The case was cleaned down with acetone to remove all of the grease. I removed the oil seal and installed a new one since the car was 20 years old, however the old was in excellent condition.
The oil pump assembly was installed with a new gasket and the timing pulley was slipped on with fresh oil. I installed the new water pump, timing belt and cover.
The original water pump used a pin whereas the newer had a key on the shaft. I could not quite understand why the pulleys would require a key since it was fixed via four bolts. I used a file to the modify the pulleys and used a thread lock as well.
24 September 2018 - I got my pistons, the first step was to gap the rings. A piston will compromise of three different sets, each having a specific purpose. The first ring is a chrome coated high strength ring, this is what takes the majority of the heat and makes the most of the sealing. The second ring also acts to seal but it's main purpose is to work as a scraper. The third is a set of oil retaining rings that are made up of three parts, a corrugated ring holds oil and two backing rings hold the oil ring in place. All of the rings must have a gap so when they heat up and expand do not collide. It all depends on the application as to what the gap should be. A gap too large will result in blow-by, oil consumption and harder starting but a gap too small can result in an engine seizing. All the manufacturers of pistons have a guide as to what the gap should be, for turbo it's 0.055 x bore (inches) for the first ring and an extra 0.004 to 0.008" for the second ring.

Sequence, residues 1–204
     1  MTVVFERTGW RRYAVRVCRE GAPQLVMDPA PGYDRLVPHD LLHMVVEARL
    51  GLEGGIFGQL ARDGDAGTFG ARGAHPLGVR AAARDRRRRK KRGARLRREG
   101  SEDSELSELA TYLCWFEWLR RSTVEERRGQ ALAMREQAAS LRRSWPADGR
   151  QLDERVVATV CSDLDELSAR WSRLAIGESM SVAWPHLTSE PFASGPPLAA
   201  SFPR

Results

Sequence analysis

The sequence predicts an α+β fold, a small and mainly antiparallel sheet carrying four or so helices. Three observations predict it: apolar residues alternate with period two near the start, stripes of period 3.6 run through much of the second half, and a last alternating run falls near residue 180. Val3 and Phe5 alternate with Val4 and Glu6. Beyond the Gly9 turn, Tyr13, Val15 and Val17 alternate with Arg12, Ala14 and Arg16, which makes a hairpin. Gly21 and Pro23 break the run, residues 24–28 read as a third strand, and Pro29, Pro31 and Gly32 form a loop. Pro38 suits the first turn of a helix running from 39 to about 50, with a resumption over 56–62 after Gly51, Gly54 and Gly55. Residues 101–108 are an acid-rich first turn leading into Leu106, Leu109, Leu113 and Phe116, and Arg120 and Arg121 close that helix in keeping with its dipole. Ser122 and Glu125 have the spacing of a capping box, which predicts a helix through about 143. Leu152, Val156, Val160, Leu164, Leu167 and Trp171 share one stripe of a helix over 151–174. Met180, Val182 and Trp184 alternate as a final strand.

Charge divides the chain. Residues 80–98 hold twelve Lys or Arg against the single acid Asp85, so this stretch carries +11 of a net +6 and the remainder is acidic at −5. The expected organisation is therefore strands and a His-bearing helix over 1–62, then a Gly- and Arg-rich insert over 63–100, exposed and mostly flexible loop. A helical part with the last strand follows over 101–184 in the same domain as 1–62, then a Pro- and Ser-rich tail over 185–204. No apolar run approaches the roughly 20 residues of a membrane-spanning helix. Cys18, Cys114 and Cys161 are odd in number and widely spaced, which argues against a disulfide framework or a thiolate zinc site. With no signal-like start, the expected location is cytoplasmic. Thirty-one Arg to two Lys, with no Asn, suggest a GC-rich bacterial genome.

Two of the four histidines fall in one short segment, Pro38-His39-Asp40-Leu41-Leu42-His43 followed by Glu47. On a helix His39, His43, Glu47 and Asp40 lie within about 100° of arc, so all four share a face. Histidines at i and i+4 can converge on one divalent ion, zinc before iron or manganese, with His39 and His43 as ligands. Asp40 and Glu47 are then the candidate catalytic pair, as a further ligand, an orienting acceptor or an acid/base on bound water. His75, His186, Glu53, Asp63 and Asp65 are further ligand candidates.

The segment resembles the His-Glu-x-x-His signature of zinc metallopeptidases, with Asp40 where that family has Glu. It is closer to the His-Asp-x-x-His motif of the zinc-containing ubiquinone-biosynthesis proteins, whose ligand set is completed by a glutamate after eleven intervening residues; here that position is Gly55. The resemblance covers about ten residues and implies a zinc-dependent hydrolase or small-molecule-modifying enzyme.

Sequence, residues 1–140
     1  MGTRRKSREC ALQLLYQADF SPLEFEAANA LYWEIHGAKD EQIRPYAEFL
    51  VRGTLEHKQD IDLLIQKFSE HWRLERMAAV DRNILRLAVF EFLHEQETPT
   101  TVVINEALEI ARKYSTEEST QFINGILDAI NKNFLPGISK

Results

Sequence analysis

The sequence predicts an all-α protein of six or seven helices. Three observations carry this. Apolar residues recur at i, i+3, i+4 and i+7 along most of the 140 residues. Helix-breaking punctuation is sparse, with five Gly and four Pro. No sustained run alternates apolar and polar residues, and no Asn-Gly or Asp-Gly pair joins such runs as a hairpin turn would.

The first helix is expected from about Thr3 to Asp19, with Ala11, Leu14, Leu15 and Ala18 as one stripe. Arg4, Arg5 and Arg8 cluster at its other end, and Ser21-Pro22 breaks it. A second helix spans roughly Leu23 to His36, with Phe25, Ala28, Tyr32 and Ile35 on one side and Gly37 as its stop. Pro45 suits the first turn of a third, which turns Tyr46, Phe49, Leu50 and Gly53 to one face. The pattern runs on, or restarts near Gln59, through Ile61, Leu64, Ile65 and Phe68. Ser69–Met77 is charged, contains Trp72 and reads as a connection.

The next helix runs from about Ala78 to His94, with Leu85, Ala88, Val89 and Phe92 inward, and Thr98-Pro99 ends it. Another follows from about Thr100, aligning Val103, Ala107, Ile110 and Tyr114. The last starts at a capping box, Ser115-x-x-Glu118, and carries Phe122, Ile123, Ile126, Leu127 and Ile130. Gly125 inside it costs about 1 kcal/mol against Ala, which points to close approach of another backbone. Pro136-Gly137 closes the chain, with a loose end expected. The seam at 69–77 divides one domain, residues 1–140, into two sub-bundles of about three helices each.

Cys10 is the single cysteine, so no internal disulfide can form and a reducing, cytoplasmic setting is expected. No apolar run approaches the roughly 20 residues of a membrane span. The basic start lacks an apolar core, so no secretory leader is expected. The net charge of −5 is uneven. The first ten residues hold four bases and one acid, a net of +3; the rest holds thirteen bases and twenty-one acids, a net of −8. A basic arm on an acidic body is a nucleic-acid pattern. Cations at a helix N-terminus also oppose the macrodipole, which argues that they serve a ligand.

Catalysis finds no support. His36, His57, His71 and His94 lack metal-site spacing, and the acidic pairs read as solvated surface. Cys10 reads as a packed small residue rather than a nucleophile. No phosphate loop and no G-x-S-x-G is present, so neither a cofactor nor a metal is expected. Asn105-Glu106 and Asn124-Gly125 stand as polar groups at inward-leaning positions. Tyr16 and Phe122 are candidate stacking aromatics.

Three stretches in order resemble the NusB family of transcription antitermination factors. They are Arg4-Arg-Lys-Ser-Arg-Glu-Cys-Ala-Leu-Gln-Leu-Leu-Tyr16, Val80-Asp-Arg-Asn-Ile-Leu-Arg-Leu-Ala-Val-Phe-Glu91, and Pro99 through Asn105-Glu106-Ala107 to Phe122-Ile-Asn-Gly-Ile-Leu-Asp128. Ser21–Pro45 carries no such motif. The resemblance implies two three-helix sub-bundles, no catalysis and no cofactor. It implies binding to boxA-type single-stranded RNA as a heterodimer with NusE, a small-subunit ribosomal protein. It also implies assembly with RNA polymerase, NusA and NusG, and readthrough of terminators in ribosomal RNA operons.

The first ring had to be filed down with a diamond file since the ring material was harder than a regular steel file. Here you can see the ring set for a stock application on the left and turbo on the right. The first ring worked out to be 0.018" (0.46mm) and the second ring 0.024" (0.61mm). The second ring was made from cast iron so it was really easy to file down and gap.
The pistons were really easy to install, I chose to re-use the bearing shells since they were in excellent condition.
The pistons were installed and turned over freely. I scraped the block and head and cleaned them both down with acetone.
The head was dropped on and ready for the bolts. The factory bolts are known as "torque to yield". The bolts are torqued down to a fairly low level, they are then turned by a set rotation which then over tightens the bolts causing them to stretch and yield. The factory bolts are not supposed to be used again as they have yield, in theory they could be torqued but it's certainly not wise. I chose to go with after-market bolts as these do not yield, they are intended for race engines. I quickly found that the heads on three of the bolts would not clear the bodies of the lifters, I am hoping to replace them with studs. I have seen some people use these bolts by grinding away at the cylinder head, I certainly do not intend on rebuilding the head.